4 Health and Fitness Scams You Shouldn’t Invest In

We all look for quick fixes that solve our problems. We want to lose weight, reduce cellulite, get clear skin, and reduce bloat. Consequently, marketers target you with their products. They want to convince you that their solution is the quick fix that you’ve been searching for. They probably charge a pretty penny too, or not—but either way, you’re throwing your cash into a bottomless pit of money-sucking scams. There are many, but I’ve listed some major, verified fitness scams below. Please don’t fall for them!

Scam alert sign. Don't fall for fitness scam.
There is No Such Thing As a Maintainable, Quick Fix Unless You Want To Pay a Plastic Surgeon. (Photo credit: Pixabay)

And, as a health coach, I’m obligated to say it: There is no such thing as a maintainable, quick fix unless you want to pay a plastic surgeon.

Juicing for Weight loss

The fact that juicing is still a thing for fat loss is ridiculous. The whole concept behind juicing is that by not putting anything solid into our bodies, we can drop weight like crazy. A few things I’d like to clarify here:

  1. This “method” does NOT add servings of fruit to your diet. Fruits are meant to be eaten in full—fiber and all. When you juice them, we get rid of the fiber that our body needs to function properly (aka stay regular, which helps reduce bloat), and to absorb the vitamins that are in the actual fruit. Juicing also spikes your blood sugar levels due to the lack of fiber. When you spike your insulin levels, you are actually putting your body into fat “storage” mode, which is the opposite of what you’re trying to do.
  2. Juice cleanses get rid of the protein and fats your body actually needs to function properly. They are called macronutrients because they are VITAL for your body to survive. Don’t take these away. 
  3. You drop water weight; you don’t actually drop fat. And the minute you stop the cleanse (which you will—because if you don’t, you’ll literally ruin your body), you’ll put that weight back on.

If you were considering doing a juice fast to lose weight, this fitness scam isn’t the way to go. The best, healthiest way to lose weight is to make small changes that you’ll be able to maintain for the rest of your life.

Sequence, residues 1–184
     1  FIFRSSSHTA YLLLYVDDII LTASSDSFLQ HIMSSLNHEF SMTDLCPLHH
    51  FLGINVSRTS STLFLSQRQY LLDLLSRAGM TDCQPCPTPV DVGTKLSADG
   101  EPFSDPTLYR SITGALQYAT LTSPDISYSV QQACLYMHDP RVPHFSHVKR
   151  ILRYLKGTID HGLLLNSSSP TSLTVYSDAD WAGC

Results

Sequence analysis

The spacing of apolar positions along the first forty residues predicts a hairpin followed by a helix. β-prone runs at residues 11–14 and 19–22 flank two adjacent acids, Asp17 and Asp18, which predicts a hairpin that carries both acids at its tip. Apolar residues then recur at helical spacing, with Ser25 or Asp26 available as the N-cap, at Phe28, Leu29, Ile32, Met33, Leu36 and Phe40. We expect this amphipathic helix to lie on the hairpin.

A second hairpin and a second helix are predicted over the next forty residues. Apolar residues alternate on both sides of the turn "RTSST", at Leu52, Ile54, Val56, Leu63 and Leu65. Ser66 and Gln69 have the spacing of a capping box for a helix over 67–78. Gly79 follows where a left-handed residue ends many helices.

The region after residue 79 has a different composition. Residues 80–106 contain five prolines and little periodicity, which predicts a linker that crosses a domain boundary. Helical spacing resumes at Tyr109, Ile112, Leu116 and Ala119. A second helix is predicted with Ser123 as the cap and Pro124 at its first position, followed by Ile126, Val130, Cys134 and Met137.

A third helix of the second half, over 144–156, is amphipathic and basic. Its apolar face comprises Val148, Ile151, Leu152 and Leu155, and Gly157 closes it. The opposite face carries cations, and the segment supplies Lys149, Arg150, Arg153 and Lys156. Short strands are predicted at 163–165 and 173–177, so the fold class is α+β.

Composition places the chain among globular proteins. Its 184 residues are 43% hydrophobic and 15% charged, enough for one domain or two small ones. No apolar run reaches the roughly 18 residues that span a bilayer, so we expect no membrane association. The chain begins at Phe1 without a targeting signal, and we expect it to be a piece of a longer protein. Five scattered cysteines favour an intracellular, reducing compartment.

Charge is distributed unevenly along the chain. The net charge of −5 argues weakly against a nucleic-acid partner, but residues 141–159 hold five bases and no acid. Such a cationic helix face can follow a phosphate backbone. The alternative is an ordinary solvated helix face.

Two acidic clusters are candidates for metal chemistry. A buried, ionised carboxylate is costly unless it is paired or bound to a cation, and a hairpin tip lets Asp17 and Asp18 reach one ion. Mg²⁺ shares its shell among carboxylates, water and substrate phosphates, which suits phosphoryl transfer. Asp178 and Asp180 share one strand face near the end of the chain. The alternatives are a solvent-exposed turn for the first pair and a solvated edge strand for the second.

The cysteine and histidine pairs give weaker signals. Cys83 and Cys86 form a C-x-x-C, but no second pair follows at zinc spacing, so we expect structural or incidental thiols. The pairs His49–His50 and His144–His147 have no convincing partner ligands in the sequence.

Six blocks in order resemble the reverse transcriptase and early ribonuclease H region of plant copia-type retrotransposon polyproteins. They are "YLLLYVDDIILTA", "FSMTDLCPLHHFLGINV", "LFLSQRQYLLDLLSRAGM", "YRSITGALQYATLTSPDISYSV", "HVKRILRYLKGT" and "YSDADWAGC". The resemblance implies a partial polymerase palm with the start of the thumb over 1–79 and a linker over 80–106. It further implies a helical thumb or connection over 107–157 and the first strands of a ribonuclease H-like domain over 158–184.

Cellulite Cream

If fixing cellulite was as easy as buying a $60 cream at Ulta, cellulite would no longer be a thing. The reason why cellulite creams get ‘good’ reviews is because they are usually infused with caffeine, which is known for being a diuretic which temporarily reduces the appearance of cellulite. It doesn’t actually get rid of it, and a lot of companies like to market their product as a fix-all cream that “vanishes” cellulite. It is a temporary, partial fix to a (quite literally) deep-rooted problem. It’s still there, friends; the only way to get rid of it is by 1. paying your surgeon, or 2. reducing body fat (which is much cheaper and healthier). Work on the healthier option, and try to follow some tips for clear skin, too.

Waist Trimmer Belts

Why is it that we always come back to “waist trimmer” belts? It’s like that bad habit we know isn’t good for us but we feed it anyways. I would like to make this very clear: WAIST TRIMMER BELTS DO NOT WORK. You’re just losing water weight because the belt keeps your body temp high during exercise, and you sweat like nobody’s business.  But the minute you step out of the gym, take that sucker off and refuel your body with the water it needs, you put that water weight right back on. Don’t do it. Don’t buy another waist trainer fitness scam.

Insta-Celeb Diet/Fitness/Booty Plans

As a health coach, this type of thing has to be on my list because it is my biggest pet peeve of all pet peeves. Do me a huge favor: do your research. If your fav insta-celeb has a big booty but no legs built whatsoever, it’s a scam. She went to her plastic surgeon for a fat transfer. You can’t have a natural big booty without legs- the physiology of the human body just doesn’t work that way.

So before you go to buy her booty builder program, make sure you study her up and confirm that she’s legit and not trying to scam you by making you think you can get the booty she got from her plastic surgeon in the gym. And I’m not trying to bash women who choose to go to their plastic surgeon to alter their bodies. What I have a problem with is false advertising—and when insta-celebs take advantage of women.

Instant celebrity due to false advertisement.
Make Sure You Invest In Plans That Come From Educated And Experienced Individuals (Photo credit: Pixabay)

Next, if your favorite insta-celeb is writing up nutrition plans for her followers—but doesn’t have a degree, isn’t certified, and doesn’t have any other credentials other than a huge number next to her name, do not buy it. Don’t waste your time. Find someone who is certified to give you and your body exactly what it needs. You’ll get much faster results, and it’ll probably be maintainable because it was designed for your body. (You probably won’t be as hungry either.) Make sure you invest in plans that come from educated and experienced individuals.

Avoid Fitness Scams and Invest in Your Long Term Health

Don’t fall for these quick fixes. They don’t work. Instead, put time into improving your health for the long term.